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Federal technology upgrade could see security, SaaS outlay

Channel partners expect major shifts in the government's technology priorities. Find out which IT trends are poised to shape spending in the coming years.

The federal technology market under the Biden administration appears likely to emphasize cybersecurity, cloud and systems modernization among other initiatives.

Those initiatives, on the surface, don't differ markedly from the types of digital transformation projects commercial enterprises now pursue. But the federal IT market, which spends more than $100 billion annually on IT, has some sector-specific challenges that channel partners must address. Indeed, systems integrators, IT consultants and service providers will need to realign their business development plans with the new administration's IT priorities.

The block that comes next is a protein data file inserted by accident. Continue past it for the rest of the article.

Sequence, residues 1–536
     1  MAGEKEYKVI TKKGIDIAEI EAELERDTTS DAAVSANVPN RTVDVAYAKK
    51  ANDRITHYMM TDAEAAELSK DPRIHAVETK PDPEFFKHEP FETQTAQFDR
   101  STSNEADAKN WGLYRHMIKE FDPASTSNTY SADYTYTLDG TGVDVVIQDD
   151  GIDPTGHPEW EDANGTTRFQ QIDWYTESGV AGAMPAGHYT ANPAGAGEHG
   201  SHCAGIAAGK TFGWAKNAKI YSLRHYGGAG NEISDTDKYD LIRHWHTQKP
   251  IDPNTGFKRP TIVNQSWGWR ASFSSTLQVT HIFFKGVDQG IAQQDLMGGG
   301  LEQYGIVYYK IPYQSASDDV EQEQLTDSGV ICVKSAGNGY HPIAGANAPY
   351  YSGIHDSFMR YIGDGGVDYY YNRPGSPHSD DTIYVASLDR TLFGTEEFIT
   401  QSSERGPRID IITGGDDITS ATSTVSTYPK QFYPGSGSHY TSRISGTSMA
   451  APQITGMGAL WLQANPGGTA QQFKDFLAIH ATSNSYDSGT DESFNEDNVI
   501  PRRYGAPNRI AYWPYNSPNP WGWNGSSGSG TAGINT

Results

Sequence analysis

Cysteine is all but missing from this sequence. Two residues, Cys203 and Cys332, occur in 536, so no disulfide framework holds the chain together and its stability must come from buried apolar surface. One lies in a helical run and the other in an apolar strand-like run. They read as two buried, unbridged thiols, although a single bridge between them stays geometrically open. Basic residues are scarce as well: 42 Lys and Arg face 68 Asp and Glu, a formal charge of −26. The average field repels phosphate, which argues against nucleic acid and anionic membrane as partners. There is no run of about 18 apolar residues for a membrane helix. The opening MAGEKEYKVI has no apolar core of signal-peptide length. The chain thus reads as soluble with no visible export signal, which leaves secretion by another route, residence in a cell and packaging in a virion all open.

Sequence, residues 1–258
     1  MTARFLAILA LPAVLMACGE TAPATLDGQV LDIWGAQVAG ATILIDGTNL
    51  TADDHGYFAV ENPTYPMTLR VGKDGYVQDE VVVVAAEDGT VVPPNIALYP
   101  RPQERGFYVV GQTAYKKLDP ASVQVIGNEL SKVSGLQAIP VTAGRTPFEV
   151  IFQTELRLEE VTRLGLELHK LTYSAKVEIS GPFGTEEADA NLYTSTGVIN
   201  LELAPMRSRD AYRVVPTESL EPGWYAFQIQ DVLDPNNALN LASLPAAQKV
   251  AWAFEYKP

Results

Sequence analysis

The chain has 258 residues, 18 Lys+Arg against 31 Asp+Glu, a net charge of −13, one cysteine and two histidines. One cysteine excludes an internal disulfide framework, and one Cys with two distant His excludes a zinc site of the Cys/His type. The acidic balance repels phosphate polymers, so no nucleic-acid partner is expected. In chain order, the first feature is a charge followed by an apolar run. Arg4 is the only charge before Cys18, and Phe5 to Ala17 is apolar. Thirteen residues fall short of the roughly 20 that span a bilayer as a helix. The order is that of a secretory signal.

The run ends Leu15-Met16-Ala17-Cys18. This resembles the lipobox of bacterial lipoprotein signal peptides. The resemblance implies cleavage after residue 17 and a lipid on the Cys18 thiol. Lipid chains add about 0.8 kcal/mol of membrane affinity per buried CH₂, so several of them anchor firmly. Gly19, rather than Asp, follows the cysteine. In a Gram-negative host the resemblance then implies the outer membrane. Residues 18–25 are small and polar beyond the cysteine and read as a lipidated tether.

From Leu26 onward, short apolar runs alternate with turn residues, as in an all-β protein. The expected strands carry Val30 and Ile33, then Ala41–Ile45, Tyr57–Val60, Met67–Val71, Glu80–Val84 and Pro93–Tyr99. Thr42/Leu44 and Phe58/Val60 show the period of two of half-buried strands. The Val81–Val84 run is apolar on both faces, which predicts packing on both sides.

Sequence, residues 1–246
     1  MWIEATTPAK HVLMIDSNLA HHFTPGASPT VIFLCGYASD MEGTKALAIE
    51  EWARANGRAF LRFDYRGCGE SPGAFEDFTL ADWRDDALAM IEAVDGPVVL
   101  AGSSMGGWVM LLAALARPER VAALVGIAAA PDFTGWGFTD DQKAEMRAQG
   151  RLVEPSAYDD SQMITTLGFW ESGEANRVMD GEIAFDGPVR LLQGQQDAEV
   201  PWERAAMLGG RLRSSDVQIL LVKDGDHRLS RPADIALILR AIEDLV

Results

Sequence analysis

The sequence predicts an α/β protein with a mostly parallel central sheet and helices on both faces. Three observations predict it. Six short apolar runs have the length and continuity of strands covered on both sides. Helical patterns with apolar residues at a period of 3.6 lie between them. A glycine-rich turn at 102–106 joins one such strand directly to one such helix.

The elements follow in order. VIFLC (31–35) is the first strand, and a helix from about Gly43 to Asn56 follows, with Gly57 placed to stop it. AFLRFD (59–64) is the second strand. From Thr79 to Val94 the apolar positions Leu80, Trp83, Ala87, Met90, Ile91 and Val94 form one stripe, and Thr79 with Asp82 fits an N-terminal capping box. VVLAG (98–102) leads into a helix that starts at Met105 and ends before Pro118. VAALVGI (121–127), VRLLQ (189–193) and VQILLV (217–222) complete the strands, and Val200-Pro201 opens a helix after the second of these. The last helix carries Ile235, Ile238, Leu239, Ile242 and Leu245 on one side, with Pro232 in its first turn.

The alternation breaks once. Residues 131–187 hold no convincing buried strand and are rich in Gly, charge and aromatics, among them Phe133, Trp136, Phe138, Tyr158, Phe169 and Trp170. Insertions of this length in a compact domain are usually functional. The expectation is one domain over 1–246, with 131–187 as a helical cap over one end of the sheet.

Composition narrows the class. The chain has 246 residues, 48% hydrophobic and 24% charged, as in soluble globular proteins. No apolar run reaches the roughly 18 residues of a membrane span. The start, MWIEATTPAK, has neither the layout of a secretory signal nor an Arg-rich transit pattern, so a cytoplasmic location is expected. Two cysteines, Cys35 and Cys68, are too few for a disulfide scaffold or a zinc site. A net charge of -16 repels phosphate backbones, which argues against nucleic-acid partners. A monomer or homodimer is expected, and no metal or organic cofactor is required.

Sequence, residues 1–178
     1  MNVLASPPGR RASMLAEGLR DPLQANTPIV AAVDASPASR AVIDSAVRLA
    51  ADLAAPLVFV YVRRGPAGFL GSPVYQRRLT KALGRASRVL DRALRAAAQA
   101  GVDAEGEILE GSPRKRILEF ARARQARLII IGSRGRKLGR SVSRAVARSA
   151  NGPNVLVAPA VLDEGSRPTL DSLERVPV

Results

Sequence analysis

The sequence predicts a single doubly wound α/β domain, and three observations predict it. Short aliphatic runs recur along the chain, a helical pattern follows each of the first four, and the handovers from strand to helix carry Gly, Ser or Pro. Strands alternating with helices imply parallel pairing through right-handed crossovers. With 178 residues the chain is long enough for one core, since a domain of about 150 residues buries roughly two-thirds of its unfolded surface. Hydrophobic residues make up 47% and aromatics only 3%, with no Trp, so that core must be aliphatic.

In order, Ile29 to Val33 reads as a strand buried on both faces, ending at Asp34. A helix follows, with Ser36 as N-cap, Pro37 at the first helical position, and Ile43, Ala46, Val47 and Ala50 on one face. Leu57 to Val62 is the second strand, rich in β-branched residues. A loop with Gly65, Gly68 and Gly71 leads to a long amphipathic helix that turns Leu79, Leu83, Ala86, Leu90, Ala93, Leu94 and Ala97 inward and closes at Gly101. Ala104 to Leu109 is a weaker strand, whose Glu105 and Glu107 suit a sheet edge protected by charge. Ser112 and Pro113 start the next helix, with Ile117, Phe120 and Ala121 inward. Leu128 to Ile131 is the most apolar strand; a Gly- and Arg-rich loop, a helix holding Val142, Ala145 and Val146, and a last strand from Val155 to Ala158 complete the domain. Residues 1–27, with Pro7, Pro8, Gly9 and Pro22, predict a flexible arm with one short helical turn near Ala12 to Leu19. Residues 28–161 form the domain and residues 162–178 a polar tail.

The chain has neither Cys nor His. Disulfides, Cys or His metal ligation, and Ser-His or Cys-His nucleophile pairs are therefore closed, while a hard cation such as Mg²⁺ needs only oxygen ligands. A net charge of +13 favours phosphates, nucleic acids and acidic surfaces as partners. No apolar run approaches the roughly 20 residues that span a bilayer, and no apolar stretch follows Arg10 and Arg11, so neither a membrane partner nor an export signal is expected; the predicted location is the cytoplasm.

The outlines of those priorities have started to come into focus. The American Rescue Plan economic stimulus package, signed into law by President Joe Biden on March 11, provides $1 billion for the federal Technology Modernization Fund (TMF). Government agencies tap TMF for a range of technology transformation projects, including mainframe migration and cloud adoption.

Cybersecurity in the spotlight

The SolarWinds Orion attack, which the federal government's lead investigator said compromised nine federal agencies, has raised cybersecurity's profile. In a February 2021 White House briefing, Anne Neuberger, deputy national security advisor for cyber and emerging technology, said the government's objective is to "modernize federal defenses and reduce the risk of [the incident] happening again."

Sean McDermottSean McDermott